[Frontiers in Bioscience 10, 94-98, January 1, 2005]
EFFECT OF ENTERIC FLORA ON INFLAMMATORY AND ANGIOGENIC MECHANISMS IN HUMAN INTESTINAL MICROVASCULAR ENDOTHELIAL CELLS
Hitoshi Ogawa, and David G. Binion
First Department of Surgery, Tohoku University School of Medicine, Tohoku, Japan, Division of Gastroenterology and Hepatology, Medical College of Wisconsin, Milwaukee, WI, USA 53226
TABLE OF CONTENTS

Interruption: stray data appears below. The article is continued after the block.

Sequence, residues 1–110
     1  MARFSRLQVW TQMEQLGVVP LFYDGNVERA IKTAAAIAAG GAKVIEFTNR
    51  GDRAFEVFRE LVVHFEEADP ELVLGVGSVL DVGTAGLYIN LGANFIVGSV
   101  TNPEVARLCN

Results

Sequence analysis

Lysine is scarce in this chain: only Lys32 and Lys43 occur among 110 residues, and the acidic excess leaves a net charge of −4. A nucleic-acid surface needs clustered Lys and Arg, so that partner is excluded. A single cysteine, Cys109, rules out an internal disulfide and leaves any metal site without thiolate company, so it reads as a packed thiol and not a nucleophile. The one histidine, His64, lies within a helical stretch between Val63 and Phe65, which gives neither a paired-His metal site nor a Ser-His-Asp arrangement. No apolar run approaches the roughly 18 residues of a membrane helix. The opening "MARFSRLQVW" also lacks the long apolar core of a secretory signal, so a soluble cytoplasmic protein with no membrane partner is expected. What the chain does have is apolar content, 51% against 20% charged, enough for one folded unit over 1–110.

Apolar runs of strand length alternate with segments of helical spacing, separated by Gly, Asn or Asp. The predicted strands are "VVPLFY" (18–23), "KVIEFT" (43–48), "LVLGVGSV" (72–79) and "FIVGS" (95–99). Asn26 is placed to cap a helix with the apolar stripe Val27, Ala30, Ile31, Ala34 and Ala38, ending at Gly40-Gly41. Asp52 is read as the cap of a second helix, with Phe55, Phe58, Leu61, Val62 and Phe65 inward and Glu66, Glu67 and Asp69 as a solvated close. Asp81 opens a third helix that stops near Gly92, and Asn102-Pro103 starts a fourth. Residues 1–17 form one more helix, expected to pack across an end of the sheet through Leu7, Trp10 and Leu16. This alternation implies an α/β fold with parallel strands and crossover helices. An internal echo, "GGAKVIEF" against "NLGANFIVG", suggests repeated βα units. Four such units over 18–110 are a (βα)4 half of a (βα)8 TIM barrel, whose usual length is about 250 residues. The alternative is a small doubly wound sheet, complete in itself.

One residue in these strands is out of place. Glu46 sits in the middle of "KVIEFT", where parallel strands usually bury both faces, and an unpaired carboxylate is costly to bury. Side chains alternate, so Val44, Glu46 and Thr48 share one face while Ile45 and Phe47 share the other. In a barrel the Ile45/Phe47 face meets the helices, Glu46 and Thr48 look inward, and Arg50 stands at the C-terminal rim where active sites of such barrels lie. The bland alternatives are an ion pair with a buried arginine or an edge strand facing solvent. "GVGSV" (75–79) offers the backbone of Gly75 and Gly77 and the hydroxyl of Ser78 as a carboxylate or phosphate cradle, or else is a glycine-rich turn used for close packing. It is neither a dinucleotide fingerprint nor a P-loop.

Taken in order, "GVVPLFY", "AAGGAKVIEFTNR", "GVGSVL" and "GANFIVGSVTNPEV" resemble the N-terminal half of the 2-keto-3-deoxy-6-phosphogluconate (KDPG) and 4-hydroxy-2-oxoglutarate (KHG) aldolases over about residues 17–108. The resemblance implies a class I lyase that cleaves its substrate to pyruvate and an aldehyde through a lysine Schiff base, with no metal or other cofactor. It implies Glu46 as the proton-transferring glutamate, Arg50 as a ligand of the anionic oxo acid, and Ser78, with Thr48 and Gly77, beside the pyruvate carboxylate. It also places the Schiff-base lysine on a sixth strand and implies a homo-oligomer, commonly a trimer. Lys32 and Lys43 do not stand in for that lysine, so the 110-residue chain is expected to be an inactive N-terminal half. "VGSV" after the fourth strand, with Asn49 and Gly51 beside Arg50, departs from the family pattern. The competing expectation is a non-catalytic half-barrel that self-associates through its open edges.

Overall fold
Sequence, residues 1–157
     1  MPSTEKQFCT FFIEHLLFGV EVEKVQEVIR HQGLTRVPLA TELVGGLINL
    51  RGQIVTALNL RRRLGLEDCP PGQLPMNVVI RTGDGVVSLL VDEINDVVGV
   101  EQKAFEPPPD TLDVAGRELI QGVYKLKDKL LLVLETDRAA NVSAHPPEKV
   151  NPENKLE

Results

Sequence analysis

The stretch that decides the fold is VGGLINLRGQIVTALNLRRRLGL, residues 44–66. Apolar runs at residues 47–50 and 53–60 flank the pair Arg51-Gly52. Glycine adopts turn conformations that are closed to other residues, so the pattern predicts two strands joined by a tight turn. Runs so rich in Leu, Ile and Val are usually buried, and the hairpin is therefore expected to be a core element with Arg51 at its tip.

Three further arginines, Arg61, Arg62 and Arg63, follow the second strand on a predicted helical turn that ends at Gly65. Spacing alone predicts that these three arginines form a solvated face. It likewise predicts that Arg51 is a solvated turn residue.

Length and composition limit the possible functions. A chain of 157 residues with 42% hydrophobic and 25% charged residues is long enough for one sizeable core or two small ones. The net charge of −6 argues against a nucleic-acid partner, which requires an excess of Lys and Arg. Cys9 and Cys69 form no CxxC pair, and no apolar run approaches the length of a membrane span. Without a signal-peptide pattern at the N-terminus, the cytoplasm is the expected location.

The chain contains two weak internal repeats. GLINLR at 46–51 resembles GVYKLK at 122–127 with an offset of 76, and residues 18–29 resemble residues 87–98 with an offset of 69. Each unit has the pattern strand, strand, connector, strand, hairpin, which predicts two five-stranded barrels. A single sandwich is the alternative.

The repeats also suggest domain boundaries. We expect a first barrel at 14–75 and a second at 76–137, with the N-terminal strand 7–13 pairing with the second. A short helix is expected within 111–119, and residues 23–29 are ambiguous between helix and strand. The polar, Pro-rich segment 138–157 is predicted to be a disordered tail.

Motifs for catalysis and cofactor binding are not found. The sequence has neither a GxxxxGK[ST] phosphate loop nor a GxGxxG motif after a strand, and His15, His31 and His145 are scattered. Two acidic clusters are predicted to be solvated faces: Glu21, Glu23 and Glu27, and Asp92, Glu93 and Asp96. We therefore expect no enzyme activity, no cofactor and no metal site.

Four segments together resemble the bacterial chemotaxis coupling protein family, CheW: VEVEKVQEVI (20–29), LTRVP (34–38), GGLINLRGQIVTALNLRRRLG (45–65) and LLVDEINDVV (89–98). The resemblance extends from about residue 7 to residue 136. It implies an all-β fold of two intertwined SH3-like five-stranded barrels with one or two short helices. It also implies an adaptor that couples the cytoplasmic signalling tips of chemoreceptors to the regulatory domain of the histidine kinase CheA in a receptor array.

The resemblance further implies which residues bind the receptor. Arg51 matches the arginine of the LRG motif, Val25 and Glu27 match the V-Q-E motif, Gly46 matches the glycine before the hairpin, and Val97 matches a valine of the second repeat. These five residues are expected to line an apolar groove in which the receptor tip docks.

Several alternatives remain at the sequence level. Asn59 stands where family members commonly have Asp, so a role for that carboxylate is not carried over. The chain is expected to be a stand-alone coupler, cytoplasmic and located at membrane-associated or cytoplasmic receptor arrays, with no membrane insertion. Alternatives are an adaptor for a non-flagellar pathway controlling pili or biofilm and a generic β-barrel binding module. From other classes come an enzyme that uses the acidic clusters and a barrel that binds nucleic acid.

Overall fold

The intestine is a highly vascularized organ, and the splanchnic microcirculation is now appreciated to play a key role in immune and inflammatory responses in the gut. Emerging evidence demonstrates that the enteric flora not only exerts an important effect on innate immunity and the mucosal immune system, but will also affect inflammatory and angiogenic mechanisms involving the gut microcirculation. In response to bacterial lipopolysaccharide, the intestinal microcirculation and its endothelial lining will undergo activation, which will contribute to cell adhesion molecule expression and the recruitment of leukocytes into the gut wall, an early and rate limiting step in the inflammatory process. This is balanced by the fact that human intestinal microvascular endothelial cells possess specific mechanisms of endotoxin tolerance, which will diminish inflammatory activation in response to repeated bacterial activation. Likewise, the process of angiogenesis, or new blood vessel growth is influenced by the presence of bacteria, which stimulate the release of angiogenic factors from innate immune mechanisms. Conversely, bacterial derived products of dietary carbohydrate fermentation, the short chain fatty acids, will decrease angiogenic mechanisms in human intestinal microvascular endothelial cells. In this review we summarize our present state of knowledge regarding the interplay between enteric flora and inflammatory and angiogenic activation of the intestinal microcirculation its microvascular endothelium.